HUNTSVILLE, Ala. — The Red Cross is making a special request for African American and Latinx blood donors to help people being treated for sickle cell disease.
A diverse blood supply means that transfusion needs for patients with sickle call disease can be met.
According to the Red Cross, about 100,000 people of various racial and ethnic backgrounds are living with sickle cell disease, most of whom are of African or Latino descent. During the month of September, the Red Cross Alabama-Mississippi Region is looking for healthy volunteer donors to donate at blood drives in honor of sickle cell patients at multiple locations. This drive is being held in partnership with community and faith-based organizations.
American Red Cross spokesperson, Ronnika McFall, says it's important that organizations are involved.
"Because schools and colleges - we normally would use those venues for blood drives, and because of the recent pandemic - all of those blood drives are now cancelled. And the need for host and outside organizations to help the Red Cross is very needed," says McFall.
Spread the word! You can donate blood in honor of sickle cell patients at these dates and locations, or at any time at a Red Cross blood donation center.
Donation appointments can be made by downloading the free Blood Donor App, visiting RedCrossBlood.org, calling 1-800-RED CROSS (1-800-733-2767) or enabling the Blood Donor Skill on any Alexa Echo device. Sponsor code: SCF. Presenting donors will receive a special Red Cross T-shirt.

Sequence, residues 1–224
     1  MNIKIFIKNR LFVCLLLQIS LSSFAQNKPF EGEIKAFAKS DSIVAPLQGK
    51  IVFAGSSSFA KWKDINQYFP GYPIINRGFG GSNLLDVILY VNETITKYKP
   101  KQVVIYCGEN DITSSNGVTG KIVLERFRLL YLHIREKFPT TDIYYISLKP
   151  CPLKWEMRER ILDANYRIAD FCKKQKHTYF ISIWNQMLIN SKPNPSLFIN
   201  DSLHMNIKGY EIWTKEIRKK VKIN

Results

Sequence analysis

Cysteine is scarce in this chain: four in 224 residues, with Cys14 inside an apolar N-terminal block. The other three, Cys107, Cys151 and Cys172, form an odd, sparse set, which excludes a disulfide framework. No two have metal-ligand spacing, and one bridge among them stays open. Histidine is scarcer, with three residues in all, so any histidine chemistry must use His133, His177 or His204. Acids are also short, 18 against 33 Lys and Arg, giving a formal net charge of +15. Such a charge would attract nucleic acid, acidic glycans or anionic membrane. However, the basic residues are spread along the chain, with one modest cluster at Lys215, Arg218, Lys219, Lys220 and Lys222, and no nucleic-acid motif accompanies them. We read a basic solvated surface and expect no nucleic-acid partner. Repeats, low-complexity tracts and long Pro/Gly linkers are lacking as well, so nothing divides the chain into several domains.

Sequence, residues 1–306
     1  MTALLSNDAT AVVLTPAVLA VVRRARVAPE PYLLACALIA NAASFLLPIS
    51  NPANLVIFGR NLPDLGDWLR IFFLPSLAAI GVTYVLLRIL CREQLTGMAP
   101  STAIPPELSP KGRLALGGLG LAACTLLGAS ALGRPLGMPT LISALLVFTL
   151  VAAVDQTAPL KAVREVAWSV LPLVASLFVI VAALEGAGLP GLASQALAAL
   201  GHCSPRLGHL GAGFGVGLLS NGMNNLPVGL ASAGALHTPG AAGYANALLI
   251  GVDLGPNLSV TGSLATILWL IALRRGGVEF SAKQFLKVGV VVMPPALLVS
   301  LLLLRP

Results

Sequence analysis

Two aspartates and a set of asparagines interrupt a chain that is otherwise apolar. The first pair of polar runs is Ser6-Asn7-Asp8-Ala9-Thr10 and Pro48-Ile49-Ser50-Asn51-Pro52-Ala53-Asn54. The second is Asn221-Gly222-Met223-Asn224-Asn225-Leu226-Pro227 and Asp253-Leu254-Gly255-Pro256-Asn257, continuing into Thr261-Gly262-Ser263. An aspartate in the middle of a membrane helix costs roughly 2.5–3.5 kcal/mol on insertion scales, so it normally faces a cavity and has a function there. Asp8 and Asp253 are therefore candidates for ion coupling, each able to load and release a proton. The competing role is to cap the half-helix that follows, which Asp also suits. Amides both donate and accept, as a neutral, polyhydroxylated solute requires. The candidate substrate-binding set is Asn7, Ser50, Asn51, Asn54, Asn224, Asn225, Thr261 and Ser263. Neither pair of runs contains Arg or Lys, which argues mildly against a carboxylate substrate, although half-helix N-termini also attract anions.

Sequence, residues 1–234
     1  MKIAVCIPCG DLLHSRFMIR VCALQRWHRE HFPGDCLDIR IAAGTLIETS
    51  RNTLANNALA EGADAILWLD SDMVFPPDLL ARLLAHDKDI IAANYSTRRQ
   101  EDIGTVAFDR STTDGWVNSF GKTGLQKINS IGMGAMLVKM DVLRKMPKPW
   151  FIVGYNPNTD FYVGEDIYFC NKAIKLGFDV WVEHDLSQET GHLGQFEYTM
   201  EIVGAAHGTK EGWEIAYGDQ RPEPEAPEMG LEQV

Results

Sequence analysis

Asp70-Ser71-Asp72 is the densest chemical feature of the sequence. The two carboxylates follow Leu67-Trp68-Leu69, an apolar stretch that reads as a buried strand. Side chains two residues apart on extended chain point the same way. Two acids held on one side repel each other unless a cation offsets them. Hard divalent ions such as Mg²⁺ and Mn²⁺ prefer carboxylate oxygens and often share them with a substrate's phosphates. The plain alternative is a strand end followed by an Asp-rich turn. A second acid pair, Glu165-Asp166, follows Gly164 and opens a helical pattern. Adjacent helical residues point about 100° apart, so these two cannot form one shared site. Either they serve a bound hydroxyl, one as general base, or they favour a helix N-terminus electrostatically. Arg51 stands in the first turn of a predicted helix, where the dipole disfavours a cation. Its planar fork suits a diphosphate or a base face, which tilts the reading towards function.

Huntsville-Madison County NAACP Branch
9/22/20: 10 a.m. – 2 p.m.
Richard Showers Sr. Recreation Center 4600 Blue Spring Rd. Huntsville, Al.
Sixth Avenue Baptist Church
9/20/20: 7:30 a.m. – 1 p.m. 1101 Martin Luther King Drive SW. Birmingham, Al.
Our Mother of Mercy Catholic Church
09/23/20: 1 – 6 p.m. Parish Hall 216 Saucier Street Pass Christian, Ms.
Guiding Light Church
09/27/20: 7:30 a.m. – 1 p.m. The Attic 1800 John Rogers Dr. Birmingham, Al.
Merit Health Central
09/29/20: noon – 5 p.m. 1850 Chadwick Drive Jackson, Ms.
“Blood transfusions are absolutely essential for keeping many sickle cell patients alive,” said Dr. Milford Greene, Director of Health Affairs & Clinical Laboratory Services, Sickle Cell Foundation of Georgia. “Because many sickle cell disease patients depend on a compatible blood match from a donor of the same race or ethnicity, the Red Cross encourages eligible donors to roll up a sleeve and share their strength with patients during Sickle Cell Awareness Month.”
The Red Cross explains that sickle cell disease causes red blood cells to be crescent-shaped instead of soft and round. This makes it difficult for blood to flow smoothly and carry oxygen to the rest of the body. Blood transfusion helps sickle cell disease patients by increasing the number of normal red blood cells in the body, helping to deliver oxygen and unblock blood vessels. Regular blood transfusions are often a critical treatment for sickle cell patients.